Bekka Palmer

Conservation

Ending my relationship with impulse purchases

Writing, ConservationBekka PalmerComment
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I've spent the past year or so trying to reduce the amount of stuff coming into my life especially things that I don't really want or things that turn to waste quickly. I both wanted to save money, but also I am really sick of having to clean out my closet and house and just want less stuff period.

I am pretty careful about making big purchases and generally make them with a lot of thought and care, but my weakness lies in impulse purchases. It's fun, it feels good in the moment, I get that quick high of getting something new, and usually it's fairly low in price so it doesn't feel extravagant. But then, when I started adding up the cost of my impulse purchases I realized I could save hundreds of dollars a month if I learned to curb that impulse. Additionally, when I clean out my closet or kitchen or wherever, most of the stuff I want to get rid of started as an impulse buy.

Here's some prompts and questions I have learned to use when I am about to hit that checkout button.

1. Pause, take a deep breath. Sometimes this is the only thing I have to do to look at said item and think, okay I don't really need that, or I will just throw this away in six months.

2. Can I let it go? Meaning, if I walk away right now, how much longer will I continue wishing I had this item? Usually it goes away in about an hour.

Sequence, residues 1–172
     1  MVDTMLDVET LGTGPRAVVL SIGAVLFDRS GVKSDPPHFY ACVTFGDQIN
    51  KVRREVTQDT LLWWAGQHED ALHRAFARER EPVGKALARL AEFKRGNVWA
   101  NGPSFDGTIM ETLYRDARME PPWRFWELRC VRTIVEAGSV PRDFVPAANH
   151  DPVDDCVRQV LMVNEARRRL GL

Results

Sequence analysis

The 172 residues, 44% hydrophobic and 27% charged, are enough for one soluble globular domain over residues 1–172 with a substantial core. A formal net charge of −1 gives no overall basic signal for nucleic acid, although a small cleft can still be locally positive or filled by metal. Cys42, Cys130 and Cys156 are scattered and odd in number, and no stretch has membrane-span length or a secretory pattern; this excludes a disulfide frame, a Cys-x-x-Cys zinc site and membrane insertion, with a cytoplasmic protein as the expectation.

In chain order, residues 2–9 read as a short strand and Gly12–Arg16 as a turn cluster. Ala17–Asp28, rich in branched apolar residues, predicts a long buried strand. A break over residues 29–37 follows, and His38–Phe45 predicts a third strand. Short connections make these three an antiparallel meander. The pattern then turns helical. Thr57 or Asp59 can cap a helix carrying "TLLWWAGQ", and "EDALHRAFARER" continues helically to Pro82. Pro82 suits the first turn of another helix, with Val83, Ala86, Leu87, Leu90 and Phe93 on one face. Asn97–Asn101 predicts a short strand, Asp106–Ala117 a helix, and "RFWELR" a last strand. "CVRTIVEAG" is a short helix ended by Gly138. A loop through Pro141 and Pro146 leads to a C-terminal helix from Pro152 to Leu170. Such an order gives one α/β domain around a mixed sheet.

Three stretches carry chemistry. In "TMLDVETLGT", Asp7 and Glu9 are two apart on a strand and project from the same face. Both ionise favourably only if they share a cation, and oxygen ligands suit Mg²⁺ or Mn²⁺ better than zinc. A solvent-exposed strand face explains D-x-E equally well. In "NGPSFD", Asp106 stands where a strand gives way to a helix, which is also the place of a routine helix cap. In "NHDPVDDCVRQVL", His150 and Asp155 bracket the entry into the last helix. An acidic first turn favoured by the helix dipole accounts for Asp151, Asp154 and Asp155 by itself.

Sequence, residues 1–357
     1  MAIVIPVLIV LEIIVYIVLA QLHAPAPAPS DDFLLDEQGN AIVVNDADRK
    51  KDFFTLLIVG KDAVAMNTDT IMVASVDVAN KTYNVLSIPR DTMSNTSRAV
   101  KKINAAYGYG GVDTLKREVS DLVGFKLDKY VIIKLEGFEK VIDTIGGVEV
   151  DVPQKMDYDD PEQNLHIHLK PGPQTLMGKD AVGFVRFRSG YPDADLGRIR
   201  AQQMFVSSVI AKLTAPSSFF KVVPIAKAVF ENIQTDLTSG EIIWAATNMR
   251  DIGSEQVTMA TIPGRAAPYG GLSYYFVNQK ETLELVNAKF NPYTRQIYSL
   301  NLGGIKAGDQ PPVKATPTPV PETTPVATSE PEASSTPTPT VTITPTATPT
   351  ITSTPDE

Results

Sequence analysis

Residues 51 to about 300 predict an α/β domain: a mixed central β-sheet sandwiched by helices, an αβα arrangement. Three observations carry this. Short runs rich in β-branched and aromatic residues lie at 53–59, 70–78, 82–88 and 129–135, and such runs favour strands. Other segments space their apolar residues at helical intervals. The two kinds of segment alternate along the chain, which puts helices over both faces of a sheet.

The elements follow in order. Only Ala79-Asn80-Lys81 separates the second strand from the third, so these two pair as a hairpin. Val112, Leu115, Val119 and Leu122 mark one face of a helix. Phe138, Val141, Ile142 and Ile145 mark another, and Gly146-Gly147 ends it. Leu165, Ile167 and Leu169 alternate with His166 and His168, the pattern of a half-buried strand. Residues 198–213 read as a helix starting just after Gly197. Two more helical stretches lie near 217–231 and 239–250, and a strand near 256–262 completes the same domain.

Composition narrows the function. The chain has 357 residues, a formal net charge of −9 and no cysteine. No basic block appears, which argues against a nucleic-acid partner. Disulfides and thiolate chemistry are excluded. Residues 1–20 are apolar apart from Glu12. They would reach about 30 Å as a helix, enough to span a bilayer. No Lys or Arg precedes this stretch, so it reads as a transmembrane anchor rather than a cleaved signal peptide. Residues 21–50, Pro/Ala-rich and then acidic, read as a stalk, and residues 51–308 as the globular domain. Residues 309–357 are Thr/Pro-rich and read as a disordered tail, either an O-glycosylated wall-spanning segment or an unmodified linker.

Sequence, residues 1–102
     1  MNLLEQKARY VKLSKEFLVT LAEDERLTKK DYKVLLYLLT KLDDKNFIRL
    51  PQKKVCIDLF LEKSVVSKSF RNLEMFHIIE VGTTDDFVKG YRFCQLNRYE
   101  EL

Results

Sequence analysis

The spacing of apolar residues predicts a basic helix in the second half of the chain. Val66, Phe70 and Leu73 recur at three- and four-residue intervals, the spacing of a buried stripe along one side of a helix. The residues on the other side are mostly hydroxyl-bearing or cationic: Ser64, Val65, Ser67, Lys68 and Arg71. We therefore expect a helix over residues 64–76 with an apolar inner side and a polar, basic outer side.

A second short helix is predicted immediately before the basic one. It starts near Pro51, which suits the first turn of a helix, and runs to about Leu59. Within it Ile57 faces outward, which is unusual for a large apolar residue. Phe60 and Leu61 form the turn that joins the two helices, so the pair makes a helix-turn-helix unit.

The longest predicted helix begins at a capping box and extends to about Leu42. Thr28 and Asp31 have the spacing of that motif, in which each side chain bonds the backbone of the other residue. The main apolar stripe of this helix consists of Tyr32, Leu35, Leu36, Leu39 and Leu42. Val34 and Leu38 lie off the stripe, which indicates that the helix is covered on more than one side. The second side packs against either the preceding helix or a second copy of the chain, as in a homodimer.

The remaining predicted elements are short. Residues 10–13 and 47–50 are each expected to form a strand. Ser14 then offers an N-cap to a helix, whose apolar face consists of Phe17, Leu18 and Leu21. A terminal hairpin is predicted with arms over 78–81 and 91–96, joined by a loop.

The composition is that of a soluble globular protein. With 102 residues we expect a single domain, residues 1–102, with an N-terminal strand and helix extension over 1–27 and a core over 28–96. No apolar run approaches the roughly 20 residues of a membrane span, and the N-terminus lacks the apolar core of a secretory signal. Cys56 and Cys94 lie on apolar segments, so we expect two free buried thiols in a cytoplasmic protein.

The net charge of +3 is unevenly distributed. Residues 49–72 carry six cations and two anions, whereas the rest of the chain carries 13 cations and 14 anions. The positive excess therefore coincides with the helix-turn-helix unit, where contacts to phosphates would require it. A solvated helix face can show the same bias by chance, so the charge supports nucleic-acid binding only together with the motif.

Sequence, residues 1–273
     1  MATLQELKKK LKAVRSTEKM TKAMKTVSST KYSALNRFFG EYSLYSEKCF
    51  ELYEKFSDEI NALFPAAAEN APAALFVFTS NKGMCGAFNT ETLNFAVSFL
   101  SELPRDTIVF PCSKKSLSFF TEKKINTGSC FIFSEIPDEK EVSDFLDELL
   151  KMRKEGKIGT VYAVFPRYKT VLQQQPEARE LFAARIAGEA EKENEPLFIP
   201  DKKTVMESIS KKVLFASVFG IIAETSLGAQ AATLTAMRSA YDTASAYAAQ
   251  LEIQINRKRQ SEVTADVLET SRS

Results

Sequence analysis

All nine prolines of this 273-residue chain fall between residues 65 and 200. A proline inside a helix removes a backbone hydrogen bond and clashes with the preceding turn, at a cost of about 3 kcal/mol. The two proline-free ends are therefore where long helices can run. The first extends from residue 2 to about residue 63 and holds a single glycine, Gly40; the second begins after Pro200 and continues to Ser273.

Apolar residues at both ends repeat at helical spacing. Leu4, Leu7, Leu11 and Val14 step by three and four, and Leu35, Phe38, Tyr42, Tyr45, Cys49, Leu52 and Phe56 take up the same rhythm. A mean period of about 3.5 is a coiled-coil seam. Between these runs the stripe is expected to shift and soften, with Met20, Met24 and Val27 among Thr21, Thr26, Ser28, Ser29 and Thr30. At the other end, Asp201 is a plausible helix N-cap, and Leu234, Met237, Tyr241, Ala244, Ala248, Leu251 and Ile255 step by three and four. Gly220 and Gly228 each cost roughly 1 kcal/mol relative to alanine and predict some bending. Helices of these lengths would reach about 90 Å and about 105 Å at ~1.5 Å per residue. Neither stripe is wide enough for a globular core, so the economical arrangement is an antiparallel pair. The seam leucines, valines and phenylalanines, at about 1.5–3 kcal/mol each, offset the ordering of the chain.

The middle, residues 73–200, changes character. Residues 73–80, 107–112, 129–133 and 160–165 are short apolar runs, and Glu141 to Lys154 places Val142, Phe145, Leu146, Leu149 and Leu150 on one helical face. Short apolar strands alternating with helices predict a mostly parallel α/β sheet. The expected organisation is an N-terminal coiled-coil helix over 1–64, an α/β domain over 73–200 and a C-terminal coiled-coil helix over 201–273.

3. Do you want this item long-term? If I am still thinking about a piece of clothing or decor the next day or two days later, then I think, is this something that will last me a year? Ten years? What's the lifespan of this item and can I responsibly dispose of it when it's time is up.

4. Will buying this thing cause me financial anxiety? Listen to your gut reaction when you answer this one. It's usually so obvious, but sometimes I make up a huge list of excuses to buy something, but generally, if it's going to stress me out to spend X money, then I need to walk away.

5. How long will this item be on the market? This question is great because usually it can buy you time before you click purchase. Like the perfect vintage shelves on ebay aren't going to last long, but certain slow fashion clothing brands are going to continue making those pants for another 10 years so just wait until you are ready to buy it. If something is fleeting, meaning that you have limited time to buy it, I always think that another thing will come into my mind to replace this desire so I can let it go.

6. Is there something else you want more than this? Pretty much always a yes for me, I have some clothes and jewelry that I am always saving up for, so when I look at something new or that I just learned about I can always say to myself, "Well, you want those Jesse Kamm overalls more than this t-shirt, so just let it go."

 

The number one most important thing

Change the World, ConservationBekka Palmer

I woke up in the middle of the night last night in a panic. For the first time in a long time my anxiety wasn't about my financial situation, but about the state of the world. I kept seeing this image of a starving polar bear. It's hard to get a grasp on global climate change, it's such a massive idea, and we don't always get images that allow us to relate to it, but the bear is sticking in a lot of people's minds.